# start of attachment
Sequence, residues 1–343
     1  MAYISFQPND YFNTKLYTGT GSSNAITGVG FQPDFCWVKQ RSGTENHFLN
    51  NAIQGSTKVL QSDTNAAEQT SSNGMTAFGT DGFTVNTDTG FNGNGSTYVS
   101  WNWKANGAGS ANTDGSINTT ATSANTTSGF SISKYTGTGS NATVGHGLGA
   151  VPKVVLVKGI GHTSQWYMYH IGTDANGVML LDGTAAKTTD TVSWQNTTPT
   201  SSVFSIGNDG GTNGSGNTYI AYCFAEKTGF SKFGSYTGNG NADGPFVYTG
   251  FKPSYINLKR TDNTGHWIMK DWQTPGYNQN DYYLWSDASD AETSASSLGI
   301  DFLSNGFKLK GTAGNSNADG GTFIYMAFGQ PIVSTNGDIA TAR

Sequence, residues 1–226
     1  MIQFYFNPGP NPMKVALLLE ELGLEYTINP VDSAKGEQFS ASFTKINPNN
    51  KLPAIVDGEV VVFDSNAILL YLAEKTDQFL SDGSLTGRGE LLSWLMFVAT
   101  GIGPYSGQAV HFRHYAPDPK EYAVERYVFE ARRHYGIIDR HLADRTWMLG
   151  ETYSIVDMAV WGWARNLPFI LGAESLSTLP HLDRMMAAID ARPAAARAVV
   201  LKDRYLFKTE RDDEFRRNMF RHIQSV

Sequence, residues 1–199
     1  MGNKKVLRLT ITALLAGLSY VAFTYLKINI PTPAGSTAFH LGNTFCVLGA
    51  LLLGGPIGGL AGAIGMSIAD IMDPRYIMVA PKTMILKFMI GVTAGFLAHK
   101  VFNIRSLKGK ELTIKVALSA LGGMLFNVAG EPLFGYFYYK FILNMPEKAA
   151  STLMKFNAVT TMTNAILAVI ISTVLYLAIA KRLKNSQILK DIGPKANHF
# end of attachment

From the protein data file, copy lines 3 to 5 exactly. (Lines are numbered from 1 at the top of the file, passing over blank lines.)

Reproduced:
    51  NAIQGSTKVL QSDTNAAEQT SSNGMTAFGT DGFTVNTDTG FNGNGSTYVS
   101  WNWKANGAGS ANTDGSINTT ATSANTTSGF SISKYTGTGS NATVGHGLGA
   151  VPKVVLVKGI GHTSQWYMYH IGTDANGVML LDGTAAKTTD TVSWQNTTPT